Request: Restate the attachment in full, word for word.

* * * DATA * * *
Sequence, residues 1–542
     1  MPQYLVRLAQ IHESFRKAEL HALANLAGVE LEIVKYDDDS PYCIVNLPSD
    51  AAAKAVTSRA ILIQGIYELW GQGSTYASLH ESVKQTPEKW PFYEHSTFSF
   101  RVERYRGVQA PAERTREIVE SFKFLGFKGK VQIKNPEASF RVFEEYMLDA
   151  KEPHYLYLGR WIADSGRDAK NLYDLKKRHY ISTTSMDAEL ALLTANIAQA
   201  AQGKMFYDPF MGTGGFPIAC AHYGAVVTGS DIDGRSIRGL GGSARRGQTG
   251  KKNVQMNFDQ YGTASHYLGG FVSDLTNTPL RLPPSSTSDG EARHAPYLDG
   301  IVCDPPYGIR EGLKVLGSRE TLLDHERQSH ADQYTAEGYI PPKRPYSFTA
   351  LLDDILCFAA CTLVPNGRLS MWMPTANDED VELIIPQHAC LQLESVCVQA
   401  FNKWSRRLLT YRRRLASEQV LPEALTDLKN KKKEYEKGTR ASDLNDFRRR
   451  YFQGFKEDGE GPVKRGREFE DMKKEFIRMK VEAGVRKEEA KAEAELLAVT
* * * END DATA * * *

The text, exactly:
Sequence, residues 1–542
     1  MPQYLVRLAQ IHESFRKAEL HALANLAGVE LEIVKYDDDS PYCIVNLPSD
    51  AAAKAVTSRA ILIQGIYELW GQGSTYASLH ESVKQTPEKW PFYEHSTFSF
   101  RVERYRGVQA PAERTREIVE SFKFLGFKGK VQIKNPEASF RVFEEYMLDA
   151  KEPHYLYLGR WIADSGRDAK NLYDLKKRHY ISTTSMDAEL ALLTANIAQA
   201  AQGKMFYDPF MGTGGFPIAC AHYGAVVTGS DIDGRSIRGL GGSARRGQTG
   251  KKNVQMNFDQ YGTASHYLGG FVSDLTNTPL RLPPSSTSDG EARHAPYLDG
   301  IVCDPPYGIR EGLKVLGSRE TLLDHERQSH ADQYTAEGYI PPKRPYSFTA
   351  LLDDILCFAA CTLVPNGRLS MWMPTANDED VELIIPQHAC LQLESVCVQA
   401  FNKWSRRLLT YRRRLASEQV LPEALTDLKN KKKEYEKGTR ASDLNDFRRR
   451  YFQGFKEDGE GPVKRGREFE DMKKEFIRMK VEAGVRKEEA KAEAELLAVT